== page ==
At what ever levels you are thinking about, Barbadians and non-Barbadians alike contribute to national/domestic output, here or elsewhere. They contribute to the production, distribution and use of goods and services via ONLY the use of their own labour or entrepreneurial services and the use of tools, technologies, machineries, vehicles, etc.

    Money plays NO role whatsoever in such non-money production, distribution and use affairs!! The ONLY role that money is made to play by its users is a USE role whenever it involves the said users giving money to get money – then or later – whether or not it is the same monies – in whatever contextual expressions. MONEY PLAYS NO ROLE WHEN IT IS IDLE!!

    So, whether money is given to and received by one another voluntarily, or handed over to and received by the government from the relevant individuals, businesses or other entities through forcible means, at the same or different times, non-money commodities exist on one level, services at another level, and money at another level. They do not ever mix, even though they can be and are combined by human beings many times. They are like the material, the spiritual and the intellectual – which do not mix but combine countless times via human intervention.

    In their natural states, none of the three causes any other, or shapes the other. But in their unnatural states (meaning with human intervention) none of the three causes any other, or shapes the other, without the use of at least one other!! But the stark possibility still exist that one cannot change at least one other, in an unnatural state of affairs.

    So a similar thing applies to non-money commodities, services or money in their natural states: none causes the other or shapes the other. But in their unnatural states(meaning with human intervention) none of the three causes any other, or shapes the other, without the use of at least one other. The distinct possibility still exist that one cannot change one other, in an unnatural state of affairs. So, the part statement that “these people will not contribute to the provision of goods and services THROUGH taxation”, is a correct and valid one in the sense that “these people will NOT contribute to the provision of goods and services (which exist at one level) THROUGH taxation (which exist at another level) and a correct and valid one from the point of view that it is possible to see every circumstance where people will not contribute to the provision of goods and services THROUGH taxation.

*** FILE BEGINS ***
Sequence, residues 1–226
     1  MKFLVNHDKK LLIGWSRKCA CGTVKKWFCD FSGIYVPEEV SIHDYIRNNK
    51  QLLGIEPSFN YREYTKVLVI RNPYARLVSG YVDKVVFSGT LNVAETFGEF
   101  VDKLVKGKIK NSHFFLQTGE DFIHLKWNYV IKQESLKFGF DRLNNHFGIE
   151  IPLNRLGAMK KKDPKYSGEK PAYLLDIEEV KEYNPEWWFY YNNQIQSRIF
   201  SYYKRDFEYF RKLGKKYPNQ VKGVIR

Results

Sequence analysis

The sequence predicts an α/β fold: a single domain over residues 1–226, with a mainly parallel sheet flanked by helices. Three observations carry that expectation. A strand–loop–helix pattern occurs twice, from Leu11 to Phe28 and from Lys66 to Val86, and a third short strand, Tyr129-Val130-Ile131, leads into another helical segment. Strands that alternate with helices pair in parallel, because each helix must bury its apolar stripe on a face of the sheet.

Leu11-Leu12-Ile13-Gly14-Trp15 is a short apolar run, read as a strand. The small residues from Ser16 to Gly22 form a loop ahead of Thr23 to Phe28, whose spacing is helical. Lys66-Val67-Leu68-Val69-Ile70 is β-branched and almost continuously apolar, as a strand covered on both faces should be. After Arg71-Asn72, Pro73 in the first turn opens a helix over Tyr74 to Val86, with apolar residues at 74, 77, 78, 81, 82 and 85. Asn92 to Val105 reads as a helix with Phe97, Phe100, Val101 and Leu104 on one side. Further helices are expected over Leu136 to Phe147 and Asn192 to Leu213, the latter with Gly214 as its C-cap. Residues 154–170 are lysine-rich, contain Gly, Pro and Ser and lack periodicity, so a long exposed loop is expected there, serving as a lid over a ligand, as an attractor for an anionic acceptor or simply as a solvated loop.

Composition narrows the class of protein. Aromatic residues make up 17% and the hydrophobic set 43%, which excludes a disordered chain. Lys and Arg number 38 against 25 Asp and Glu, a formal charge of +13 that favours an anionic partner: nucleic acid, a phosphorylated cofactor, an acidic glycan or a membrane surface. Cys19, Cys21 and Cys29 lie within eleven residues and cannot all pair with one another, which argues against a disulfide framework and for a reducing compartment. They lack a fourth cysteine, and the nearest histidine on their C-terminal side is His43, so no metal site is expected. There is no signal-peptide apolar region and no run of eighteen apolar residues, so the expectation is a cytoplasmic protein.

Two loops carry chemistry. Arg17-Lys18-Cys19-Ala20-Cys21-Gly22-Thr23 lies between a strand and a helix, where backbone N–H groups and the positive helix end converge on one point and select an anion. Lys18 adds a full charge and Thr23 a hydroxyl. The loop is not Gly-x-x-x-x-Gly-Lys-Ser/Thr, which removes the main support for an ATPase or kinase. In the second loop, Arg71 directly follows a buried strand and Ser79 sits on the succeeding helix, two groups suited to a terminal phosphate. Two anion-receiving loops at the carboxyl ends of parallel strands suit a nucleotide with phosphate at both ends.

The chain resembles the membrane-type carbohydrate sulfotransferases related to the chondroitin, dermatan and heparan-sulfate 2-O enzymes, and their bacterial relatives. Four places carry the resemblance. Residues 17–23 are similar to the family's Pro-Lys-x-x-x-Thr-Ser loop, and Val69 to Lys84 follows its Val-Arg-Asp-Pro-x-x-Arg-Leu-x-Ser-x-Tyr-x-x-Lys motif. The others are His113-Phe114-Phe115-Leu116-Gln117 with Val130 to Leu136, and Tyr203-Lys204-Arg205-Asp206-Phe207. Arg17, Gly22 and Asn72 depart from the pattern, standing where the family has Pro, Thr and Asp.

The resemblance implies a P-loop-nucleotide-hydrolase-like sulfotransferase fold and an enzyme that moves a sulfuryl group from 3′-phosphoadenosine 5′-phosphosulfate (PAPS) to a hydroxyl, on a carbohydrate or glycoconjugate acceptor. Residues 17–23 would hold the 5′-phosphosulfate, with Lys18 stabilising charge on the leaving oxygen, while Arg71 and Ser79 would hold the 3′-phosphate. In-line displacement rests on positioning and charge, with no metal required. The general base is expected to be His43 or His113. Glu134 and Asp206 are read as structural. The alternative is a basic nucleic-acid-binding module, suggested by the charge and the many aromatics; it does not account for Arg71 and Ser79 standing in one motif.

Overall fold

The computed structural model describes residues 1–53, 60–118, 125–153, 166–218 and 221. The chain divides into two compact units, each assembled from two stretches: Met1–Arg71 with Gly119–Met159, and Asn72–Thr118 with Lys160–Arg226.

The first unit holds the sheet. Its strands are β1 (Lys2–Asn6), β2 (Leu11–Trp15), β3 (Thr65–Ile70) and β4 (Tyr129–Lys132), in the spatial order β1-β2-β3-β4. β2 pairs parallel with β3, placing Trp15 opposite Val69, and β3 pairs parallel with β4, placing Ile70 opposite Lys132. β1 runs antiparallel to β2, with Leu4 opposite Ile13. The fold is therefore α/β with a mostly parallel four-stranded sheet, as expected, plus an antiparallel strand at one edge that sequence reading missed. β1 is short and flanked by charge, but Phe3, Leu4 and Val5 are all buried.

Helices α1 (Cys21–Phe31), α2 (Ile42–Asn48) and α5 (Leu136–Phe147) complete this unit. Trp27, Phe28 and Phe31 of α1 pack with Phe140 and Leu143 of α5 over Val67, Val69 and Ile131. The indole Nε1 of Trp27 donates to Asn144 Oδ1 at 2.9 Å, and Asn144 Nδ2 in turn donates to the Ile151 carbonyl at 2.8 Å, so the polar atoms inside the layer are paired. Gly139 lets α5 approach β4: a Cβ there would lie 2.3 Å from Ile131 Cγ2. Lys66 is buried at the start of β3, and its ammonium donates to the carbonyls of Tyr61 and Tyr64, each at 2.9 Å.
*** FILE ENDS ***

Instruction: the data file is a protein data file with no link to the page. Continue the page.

PDC

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  • And if you don’t understand now, Artaxerxes, you are more dense than lead.

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  • Carson C. Cadogan

    St George’s Dragon | April 29, 2013 at 10:14 PM

    You carrying it a bit too far.

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  • Carson C. Cadogan

    Worth a listen

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  • @ac
    Your ignorance knows no bounds. A small business is one that employs less than a prescribed number of people, or whose turnover is less than a prescribed amount. Both these numbers depend on the country in which they operate. So in the U.S., a small business is one that turns over less than US$10 millions, whereas in Barbados it might be one that turns over less than BD$1 million, or employs less than 20 persons. So the majority of people employed in Barbados in the private sector are employed in small businesses, or micro-businesses, by far the majority being black-owned and operated. So look around you ac, there are small businesses everywhere.

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  • Admittedly, The Crane is not exactly a small biz; but just want to say:

    Kudos to The Crane

    The April 27 issue of the National Post newspaper in Toronto included a 32 page glossy advertising magazine supplement Grand Luxury Travel, focused on the upper end traveler. Go to: http://compassmediagroup.ca/images/Grand_April_22_4_13_sm-1.pdf

    Page 9 is a full page ad for St. Lucia Tourism.